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Joanne Kurtzberg, MD

Jerome S. Harris Distinguished Professor of Pediatrics
Professor of Pediatrics
Professor of Pathology
Core Faculty in Innovation & Entrepreneurship
Member of the Duke Cancer Institute
Affiliate of the Regeneration Next Initiative
Campus mail: 2400 Pratt Street, DUMC Box 102501, Durham, NC 27710
Phone: (919) 668-1100
Email address: kurtz001@mc.duke.edu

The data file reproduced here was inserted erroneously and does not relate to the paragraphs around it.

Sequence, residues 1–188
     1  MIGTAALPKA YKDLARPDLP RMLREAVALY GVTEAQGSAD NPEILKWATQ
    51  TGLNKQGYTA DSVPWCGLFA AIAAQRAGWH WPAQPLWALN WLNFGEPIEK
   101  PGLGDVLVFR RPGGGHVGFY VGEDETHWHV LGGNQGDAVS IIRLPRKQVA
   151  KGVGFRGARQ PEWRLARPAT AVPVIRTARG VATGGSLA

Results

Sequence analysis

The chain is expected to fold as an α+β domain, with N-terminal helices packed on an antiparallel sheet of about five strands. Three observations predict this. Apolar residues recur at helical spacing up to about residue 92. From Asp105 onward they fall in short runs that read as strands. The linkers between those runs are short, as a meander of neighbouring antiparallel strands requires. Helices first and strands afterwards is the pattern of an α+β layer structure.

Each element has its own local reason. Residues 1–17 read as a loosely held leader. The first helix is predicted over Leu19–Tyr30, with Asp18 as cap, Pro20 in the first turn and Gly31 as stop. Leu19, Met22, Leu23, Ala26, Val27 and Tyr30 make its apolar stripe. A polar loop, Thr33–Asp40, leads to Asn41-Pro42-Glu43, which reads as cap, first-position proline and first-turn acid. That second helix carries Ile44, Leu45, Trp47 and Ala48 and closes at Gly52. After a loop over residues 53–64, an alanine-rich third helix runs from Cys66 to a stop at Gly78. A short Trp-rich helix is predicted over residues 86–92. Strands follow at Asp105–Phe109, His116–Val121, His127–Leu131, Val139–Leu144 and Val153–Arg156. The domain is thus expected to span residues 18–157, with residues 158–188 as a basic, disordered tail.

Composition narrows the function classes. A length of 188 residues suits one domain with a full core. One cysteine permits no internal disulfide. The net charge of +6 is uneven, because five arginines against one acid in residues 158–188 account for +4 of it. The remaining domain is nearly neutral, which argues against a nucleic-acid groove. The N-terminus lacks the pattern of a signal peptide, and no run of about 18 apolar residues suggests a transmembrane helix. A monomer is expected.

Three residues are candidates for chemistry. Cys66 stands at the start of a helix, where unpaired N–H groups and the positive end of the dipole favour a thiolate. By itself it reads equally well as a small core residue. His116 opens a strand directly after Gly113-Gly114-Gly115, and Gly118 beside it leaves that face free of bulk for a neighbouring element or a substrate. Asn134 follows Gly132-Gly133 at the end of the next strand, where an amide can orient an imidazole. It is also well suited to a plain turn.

Dr. Kurtzberg conducts both clinical and laboratory-based translational research efforts, all involving various aspects of normal and malignant hematopoiesis. In the laboratory, her early work focused on studies determining the mechanisms that regulate the choice between the various pathways of differentiation available to the pluripotent hematopoietic stem cell. Her laboratory established a CD7+ cell line, DU.528, capable of multilineage differentiation as well as self-renewal, and subsequently described the aggressive leukemic syndrome of CD7+ALL and demonstrated that a normal counterpart of the CD7+, TN malignant cell can be isolated from postnatal human thymus, bone marrow, umbilical cord blood and G-CSF mobilized peripheral blood progenitor cells. The leukemic CD7+ cell has been established in model systems nude and SCID mice where direct IL2-cytotoxicity has been demonstrated. The mechanism of IL2-induced cytotoxicity is currently a major focus of work in the laboratory. One focus of Dr. Kurtzberg's translational research is the use of novel deoxynucleosides to purge normal and malignant T-cells from human bone marrow. She has also played an important role in the development of PEG-L Asparaginase and Nelarabine, two novel antileukemia drugs that are now used routinely in the clinic. Dr. Kurtzberg is active in the Children's Oncology Group and coordinated the ALinC 16 high risk study for children with newly diagnosed B-lineage acute lymphoblastic leukemia (ALL) as well as relapsed studies for children with T- and B-lineage ALL. Under Dr. Kurtzberg's leadership, Duke has established an internationally known children's transplant program which currently treats children with cancer, blood disorders, immune deficiencies, hemoglobinopathies and inherited metabolic diseases. Over the past 2 years, the cord blood transplant program at Duke has initiated studies of autologous cord blood in children with neonatal brain injury and cerebral palsy. Dr. Kurtzberg’s laboratory is also pursuing preclinical studies isolating oligodendrocytes from cord blood with the goal of using these cells for cell therapy to treat acquired agenetic brain injuries in the next few years. Over the past 2 decades, Dr. Kurtzberg pioneered and is investigating the use of banked umbilical cord blood as an alternative stem cell source for unrelated marrow transplantation. She was awarded with a banking and transplant center contract from NHLBI for 1996-2005, to establish the Carolinas Cord Blood Bank (CCBB)at Duke and was the PI on the cord blood transplantation study (COBLT) in children with hematological malignancies and inborn errors of metabolism. In 2006, the CCBB was awarded a contract from HRSA to become a member bank of the National Cord Blood Inventory (NCBI) of the CW Bill Young Cell Transplantation Program after legislation was passed in 2005 to establish this network. Dr. Kurtzberg is also the Duke PI for the NIH-sponsored, Blood and Marrow Transplant Clinical Trials Network (BMT-CTN) and the PI on a national trial comparing single and double cord blood transplantation in children with hematological malignancies. In 2008-2009, Dr. Kurtzberg’s lab pioneered studies to predict cord blood potency through novel assays on segments attached to cryopreserved cord blood units. The program is also performing translational research testing cord blood expansion, cellular targeted therapies and tissue repair and regeneration.